Fluttering Spardi

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The Fluttering Spardi split from its ancestor and left the water for broader habitats. Like its cousin, the Sagmalix, its babies lack gills; however, it developed a different solution to raising them on land: the Fluttering Spardi is arboreal, the rope-like legs of its pseudo-radial babies being highly advantageous for clinging to branches. It climbs Petrolignopsid trunks with broad toe pads like those of a Terran gecko or tree frog on all four of its limbs, including its anal arm. Juveniles are capable of swinging through branches using all four of their limbs, while adults will only swing from their anal arm. All digits on juveniles and the anal digits of adults can curl in both directions, allowing them to clutch with the back of the hand.

Juvenile stage

The Fluttering Spardi has also developed patagia stretching from its lateral limbs to its neck and anal arm, allowing it to glide and parachute. It generally uses gliding to get from branch to branch in its arboreal home, and it will parachute by flapping its lateral limbs to land safely on the ground to feed, arboreal food currently being lacking. It mainly feeds on small fauna such as knightworms and crestgills, and it will feed from any carcass it finds as well. It uses its clawed lateral mandibles to grab and carry prey. Like its ancestor, it engages in parental care, bringing food up to its strictly arboreal young.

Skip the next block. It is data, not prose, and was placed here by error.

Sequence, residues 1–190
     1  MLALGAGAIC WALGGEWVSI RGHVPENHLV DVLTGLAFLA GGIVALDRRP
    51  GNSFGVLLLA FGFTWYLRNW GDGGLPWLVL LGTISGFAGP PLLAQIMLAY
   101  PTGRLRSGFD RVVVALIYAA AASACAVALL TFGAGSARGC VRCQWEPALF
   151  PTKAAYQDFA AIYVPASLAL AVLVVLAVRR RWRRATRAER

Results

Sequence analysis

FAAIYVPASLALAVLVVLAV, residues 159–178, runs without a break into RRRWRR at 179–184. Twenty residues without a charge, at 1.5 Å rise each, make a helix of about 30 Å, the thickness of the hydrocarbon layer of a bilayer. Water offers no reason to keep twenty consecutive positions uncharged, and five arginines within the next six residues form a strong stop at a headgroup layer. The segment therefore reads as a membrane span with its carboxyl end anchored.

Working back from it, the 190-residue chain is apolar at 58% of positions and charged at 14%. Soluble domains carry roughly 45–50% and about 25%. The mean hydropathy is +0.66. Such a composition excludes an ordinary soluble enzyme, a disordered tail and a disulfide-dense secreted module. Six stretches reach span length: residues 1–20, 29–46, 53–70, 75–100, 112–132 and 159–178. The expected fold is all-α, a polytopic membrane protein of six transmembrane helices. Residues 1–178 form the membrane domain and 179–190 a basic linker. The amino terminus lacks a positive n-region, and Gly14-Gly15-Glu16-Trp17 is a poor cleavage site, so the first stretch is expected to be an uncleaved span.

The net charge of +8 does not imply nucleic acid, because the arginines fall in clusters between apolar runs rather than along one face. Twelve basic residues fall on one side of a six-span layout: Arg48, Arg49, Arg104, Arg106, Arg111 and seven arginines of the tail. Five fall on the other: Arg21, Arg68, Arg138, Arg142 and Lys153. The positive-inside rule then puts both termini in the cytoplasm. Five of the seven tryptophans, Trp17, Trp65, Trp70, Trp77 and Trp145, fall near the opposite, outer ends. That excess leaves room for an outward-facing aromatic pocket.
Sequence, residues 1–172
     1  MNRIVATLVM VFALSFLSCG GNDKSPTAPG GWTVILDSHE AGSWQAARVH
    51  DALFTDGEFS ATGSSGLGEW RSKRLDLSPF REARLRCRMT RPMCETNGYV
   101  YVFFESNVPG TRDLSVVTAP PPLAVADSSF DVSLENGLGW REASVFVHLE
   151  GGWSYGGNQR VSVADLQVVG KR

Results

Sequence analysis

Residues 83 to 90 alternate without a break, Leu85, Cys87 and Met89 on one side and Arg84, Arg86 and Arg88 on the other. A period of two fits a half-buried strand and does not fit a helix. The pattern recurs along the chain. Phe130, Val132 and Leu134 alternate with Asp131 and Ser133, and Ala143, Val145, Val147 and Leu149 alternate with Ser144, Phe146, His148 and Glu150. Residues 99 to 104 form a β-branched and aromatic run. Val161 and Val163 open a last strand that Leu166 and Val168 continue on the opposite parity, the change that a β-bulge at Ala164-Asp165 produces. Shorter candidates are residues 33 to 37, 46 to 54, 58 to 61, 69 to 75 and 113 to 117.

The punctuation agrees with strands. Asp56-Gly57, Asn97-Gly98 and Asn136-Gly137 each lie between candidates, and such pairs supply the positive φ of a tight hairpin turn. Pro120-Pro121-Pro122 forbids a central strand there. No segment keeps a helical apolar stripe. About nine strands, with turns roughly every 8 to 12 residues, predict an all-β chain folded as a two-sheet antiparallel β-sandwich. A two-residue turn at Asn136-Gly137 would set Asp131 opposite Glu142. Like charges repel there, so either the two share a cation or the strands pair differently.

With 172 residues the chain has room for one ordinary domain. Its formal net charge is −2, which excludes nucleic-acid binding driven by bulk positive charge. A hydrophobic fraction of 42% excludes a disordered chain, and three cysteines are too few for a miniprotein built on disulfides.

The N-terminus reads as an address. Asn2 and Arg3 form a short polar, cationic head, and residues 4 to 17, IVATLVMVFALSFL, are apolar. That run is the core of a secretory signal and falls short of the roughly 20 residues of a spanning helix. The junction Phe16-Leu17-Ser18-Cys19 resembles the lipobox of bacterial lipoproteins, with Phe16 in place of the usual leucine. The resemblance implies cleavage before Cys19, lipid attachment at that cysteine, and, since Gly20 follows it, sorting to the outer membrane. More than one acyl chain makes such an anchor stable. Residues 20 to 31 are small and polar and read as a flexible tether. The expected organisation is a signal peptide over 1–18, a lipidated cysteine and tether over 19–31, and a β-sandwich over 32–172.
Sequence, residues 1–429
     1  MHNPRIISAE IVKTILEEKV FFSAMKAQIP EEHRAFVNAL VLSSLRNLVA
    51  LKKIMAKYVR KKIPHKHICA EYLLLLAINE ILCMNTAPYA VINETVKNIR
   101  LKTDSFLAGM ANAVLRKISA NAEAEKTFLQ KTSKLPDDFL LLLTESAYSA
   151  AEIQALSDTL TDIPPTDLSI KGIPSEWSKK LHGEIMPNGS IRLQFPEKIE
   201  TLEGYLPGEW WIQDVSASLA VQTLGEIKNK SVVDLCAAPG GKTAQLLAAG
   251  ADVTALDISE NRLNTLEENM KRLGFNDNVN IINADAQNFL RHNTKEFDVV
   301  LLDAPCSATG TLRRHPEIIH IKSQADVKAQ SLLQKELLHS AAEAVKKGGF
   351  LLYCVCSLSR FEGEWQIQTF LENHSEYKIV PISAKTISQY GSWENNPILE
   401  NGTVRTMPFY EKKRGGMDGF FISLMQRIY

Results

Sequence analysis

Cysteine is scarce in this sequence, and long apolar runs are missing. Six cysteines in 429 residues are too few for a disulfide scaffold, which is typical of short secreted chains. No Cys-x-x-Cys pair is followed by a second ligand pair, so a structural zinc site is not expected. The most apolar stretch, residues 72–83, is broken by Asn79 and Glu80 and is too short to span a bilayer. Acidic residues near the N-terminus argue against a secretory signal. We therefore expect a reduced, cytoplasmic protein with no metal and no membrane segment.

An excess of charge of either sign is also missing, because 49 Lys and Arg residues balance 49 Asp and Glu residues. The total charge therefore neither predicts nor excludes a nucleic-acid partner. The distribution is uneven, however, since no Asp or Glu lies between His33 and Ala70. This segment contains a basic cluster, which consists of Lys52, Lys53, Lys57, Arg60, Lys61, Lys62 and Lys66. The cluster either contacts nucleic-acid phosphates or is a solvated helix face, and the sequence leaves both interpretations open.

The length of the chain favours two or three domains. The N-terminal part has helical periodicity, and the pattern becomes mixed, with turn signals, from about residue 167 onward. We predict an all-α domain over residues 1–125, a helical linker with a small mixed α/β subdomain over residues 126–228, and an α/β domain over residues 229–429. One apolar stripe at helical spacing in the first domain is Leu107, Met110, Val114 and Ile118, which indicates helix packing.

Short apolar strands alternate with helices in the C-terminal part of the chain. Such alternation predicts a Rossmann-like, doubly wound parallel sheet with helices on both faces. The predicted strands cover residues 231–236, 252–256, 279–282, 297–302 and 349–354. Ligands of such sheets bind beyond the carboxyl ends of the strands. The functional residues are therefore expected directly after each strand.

The Fluttering Spardi hibernates over the winter, generally hiding deep under leaf litter like many Terran frogs. Its thick fat helps prevent it from freezing, though this is far from perfect and many individuals do unfortunately die over the winter, especially in the coldest parts of its range. Still, its reasonably high reproductive rate keeps its population from experiencing any dramatic crashes. Like its ancestor, it has keratin in its skin, though it has even more for the sake of water retention since it doesn’t live around water as much. The additional keratin also prevents its patagia from tearing easily if they are caught on sharp crystals or branches. Its skin is covered in a layer of dead cells which shed over time, not unlike the skin of a Terran mammal.

Like its ancestor, the Fluttering Spardi mates by holding hands with its anal arm and gives birth through a long narrow passage. The female’s cloaca is looser and stretchier than that of its ancestor, dramatically decreasing the risk of tearing it while giving birth. Males produce less sperm than males of its ancestor did; they instead produce very large sperm cells, which compete with and try to block one another along the way down the female’s cloaca, not unlike the sperm of many small fauna on Earth.